A useful way of discussing exchanges is to relate them to the moral dimension of relationships. A famous paper on types of reciprocity written by Marshall Sahlins and appears in the book Stone Age Economics. You should read that book if you want to pick up on how the ideas of Karl Polyani, that you previously discussed, were taken up into anthopology (from which Polyani himself borrowed) and debated. Anyway you can relate different types of exchanges and their moral meaning to relationship distance. You can go back and read Adam Smith, a moral phiosopher acutely aware of the moral dimensions of exchange, and you’ll find this notion nascent in his writings as well.

    I’m not happy with the idea of misrecognition as it is used here. It presupposes that there is some objective position from which one recognize things which strikes me as a form of misrecognition in itself! There is no outside to culture, habitus, or whatever you want to call it. If we wanted to be Foucaultian, one might just acknowledge that one is always caught up in some structure of knowledge/power. And quite honestly I don’t think anyone misrecognizes the moral (or immoral, if one must) meaning of the gift. That’s how it works!

    “He [Bourdieu] observed that exchanges are driven by self-interest like any other transaction.” Yes, but self-interest isn’t an objective thing (or are you fully immersed in the habitus of neoclassical economics?). What is your self-interest in a given place or time is a cultural fact. See Sahlins (which includes a nice bit on Bourdieu). A lot of Bourdieu involves discussion of how people manipulate/create symbolic/cultural capital to create distinction and produce/reproduce social order.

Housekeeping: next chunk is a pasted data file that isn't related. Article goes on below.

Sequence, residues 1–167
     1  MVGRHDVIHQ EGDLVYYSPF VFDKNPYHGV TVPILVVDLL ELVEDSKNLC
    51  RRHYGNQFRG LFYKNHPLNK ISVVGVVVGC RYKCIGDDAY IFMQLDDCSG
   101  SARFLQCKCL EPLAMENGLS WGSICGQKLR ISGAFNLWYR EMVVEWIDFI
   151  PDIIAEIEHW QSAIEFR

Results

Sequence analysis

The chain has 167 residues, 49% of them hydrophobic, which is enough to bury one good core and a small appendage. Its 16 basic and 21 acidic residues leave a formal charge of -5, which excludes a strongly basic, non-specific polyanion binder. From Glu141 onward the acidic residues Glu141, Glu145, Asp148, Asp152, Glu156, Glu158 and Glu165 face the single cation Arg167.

For anyone interested in the gift economies and how they relate to economies of commodities, I would suggest reading Chris Gregory’s classic Gifts and Commodities (free online).

    • Ed Walker says:

      Very helpful comment. When I re-read this post this morning, I recognized that my first sentence is not well thought-out, and I agree that all sorts of exchanges take place inside every economy. As I see it, gifts are predominant form of exchangein politics, though, because direct payment is illegal.

      The word mis-recognition comes from Swartz. I don’t know enough French to translate “meconnaisance”, but it doesn’t look much like mis-recognition. I suspect is is something equivalent to Sartrean bad faith, a wilful refusal to reflect on one’s actions, to become actively conscious of ones actions; or to Marxist false consciousness. As I argue in this post, there are layers and layers of smoke and obfuscation to make it easier to avoid the substance of the exchange. As to the return gifts, there are plenty of justifications that don’t carry the implication of return gift, such as expertise and potential influence.

      So far, there are two  main things that bother me in Bourdieu’s thinking as described by Swartz. First is his claim that all actions are driven by interest. Second is his view that the reality of social change can be detected by careful observation and analysis by scientist outsiders. The first is, as you point out, a basic tenet of neoliberal economics.

      The second has an elitist ring that makes me uncomfortable; and remember that I am quite new to all this. I will note that Bourdieu turns the same analysis on the activities of scientists that he does on the things being studied according to Swartz.

      With that in mind, think of this post as looking at a small group of rich and powerful people and examining their behavior as an outsider with no direct contact with their little enclave. The category of gift exchange is in the toolbox of descriptions of small societies. And it seems to fit….


      • Alan says: